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Published:  23 July, 2008

By Conal Gregory MW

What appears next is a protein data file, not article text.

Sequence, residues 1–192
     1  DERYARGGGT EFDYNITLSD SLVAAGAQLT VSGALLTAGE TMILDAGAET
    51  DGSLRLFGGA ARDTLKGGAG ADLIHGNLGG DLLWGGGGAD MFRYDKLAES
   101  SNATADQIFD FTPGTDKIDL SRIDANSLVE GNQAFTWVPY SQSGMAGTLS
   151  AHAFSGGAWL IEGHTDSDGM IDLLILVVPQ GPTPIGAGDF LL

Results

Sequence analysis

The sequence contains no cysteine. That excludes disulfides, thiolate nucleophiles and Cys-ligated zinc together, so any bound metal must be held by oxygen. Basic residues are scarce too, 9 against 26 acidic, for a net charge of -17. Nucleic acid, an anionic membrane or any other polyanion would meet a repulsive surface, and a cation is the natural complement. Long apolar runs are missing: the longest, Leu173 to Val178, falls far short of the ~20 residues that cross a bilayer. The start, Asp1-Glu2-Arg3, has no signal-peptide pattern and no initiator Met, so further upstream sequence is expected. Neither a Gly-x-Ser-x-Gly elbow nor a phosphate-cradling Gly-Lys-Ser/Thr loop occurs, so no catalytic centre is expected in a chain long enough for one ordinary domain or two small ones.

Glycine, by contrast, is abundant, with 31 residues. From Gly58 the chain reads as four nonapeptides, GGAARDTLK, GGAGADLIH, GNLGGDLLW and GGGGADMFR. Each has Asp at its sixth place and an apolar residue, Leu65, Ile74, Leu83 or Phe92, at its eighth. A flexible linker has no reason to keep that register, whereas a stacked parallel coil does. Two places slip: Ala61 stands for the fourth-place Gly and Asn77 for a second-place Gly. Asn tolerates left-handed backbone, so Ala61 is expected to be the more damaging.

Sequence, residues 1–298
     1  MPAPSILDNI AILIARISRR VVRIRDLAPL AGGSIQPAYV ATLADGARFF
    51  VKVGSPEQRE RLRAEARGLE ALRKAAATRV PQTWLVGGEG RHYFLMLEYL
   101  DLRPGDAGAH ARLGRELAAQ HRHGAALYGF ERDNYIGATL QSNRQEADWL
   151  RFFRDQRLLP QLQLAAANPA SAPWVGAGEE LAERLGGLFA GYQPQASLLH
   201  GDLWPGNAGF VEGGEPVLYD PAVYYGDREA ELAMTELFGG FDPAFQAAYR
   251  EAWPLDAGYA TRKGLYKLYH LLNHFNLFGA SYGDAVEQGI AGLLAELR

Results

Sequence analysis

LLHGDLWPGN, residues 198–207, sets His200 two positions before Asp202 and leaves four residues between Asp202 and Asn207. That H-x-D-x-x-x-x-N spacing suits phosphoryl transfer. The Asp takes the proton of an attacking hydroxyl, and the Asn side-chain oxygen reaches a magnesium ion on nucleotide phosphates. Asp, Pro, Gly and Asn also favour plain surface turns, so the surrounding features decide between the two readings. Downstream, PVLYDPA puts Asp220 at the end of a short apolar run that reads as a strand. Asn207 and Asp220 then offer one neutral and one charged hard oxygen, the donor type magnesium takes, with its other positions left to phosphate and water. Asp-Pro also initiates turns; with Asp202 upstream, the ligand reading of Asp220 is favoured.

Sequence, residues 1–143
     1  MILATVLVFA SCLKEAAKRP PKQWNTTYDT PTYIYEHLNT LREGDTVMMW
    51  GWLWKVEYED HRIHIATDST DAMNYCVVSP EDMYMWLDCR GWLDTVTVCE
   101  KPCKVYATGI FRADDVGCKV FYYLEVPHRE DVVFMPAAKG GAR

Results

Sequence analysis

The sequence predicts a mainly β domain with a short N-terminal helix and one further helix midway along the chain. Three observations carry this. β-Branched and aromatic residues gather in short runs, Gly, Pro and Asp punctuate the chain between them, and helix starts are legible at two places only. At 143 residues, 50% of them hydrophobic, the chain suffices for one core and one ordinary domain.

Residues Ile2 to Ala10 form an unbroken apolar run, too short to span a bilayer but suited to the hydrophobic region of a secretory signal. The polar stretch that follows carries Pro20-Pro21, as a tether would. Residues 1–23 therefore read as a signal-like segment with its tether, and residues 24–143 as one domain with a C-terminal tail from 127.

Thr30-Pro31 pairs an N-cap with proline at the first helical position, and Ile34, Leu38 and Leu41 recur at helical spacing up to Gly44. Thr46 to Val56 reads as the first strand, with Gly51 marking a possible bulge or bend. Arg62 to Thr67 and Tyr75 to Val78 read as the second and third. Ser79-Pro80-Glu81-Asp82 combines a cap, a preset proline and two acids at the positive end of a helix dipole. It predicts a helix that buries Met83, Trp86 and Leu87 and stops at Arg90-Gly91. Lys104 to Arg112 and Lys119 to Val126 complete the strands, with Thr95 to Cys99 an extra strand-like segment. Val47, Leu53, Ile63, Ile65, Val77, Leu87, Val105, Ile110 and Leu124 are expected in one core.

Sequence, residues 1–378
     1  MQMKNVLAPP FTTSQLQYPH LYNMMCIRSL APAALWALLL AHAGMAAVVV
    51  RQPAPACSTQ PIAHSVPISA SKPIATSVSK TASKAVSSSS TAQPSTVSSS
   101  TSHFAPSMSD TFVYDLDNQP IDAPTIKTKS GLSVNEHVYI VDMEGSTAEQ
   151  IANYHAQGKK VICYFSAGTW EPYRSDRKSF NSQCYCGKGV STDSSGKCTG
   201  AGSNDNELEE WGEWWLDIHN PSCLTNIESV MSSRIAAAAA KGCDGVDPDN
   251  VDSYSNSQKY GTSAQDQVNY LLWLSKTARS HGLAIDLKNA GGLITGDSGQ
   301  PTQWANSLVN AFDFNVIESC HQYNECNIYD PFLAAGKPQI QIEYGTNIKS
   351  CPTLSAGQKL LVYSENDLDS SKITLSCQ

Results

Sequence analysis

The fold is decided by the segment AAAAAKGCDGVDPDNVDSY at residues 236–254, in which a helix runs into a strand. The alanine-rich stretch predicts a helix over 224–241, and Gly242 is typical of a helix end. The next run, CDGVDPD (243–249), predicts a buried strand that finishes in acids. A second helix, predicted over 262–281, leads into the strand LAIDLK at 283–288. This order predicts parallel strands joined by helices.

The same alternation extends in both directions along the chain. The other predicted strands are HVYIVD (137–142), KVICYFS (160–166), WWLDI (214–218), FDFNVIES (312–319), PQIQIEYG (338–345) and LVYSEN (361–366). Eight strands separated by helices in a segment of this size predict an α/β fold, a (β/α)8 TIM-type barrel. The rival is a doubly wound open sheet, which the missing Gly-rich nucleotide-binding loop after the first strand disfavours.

Ten MPs and peers from the 186-member All Party Parliamentary Wine Group recently visited Tenterden vineyards in Kent, home to New Wave Wines, the UK's largest wine producer, to pick grapes and learn at first hand the problems facing English and Welsh wine producers. Five Labour and four Conservative members, and one crossbencher (five MPs, five peers) discussed the progressive duty arrangement recently implemented for small breweries and whether a similar scheme could be effected for UK vineyards. They asked how easy it was to establish a vineyard in terms of capital and experience with no grant or subsidy. The marketing of English and Welsh wines was also discussed. The surcharge on UK-produced sparkling wines, described as an unfair tax on the bubble', and the growth in cross-border shopping were raised by Jo Williamson, the WSA chairman, and Chris Searle, chairman of the WSA's Political Committee. Frazer Thompson and Karl Koenen from New Wave Wines organised the grape picking. Geoffrey Clifton-Brown MP, co-chairman of the Parliamentary Group, said that, with 800 hectares of vineyards and employing 2,000 people, the English and Welsh wine industry could be an untapped opportunity for many farmers, if they were given the right advice and financial support'.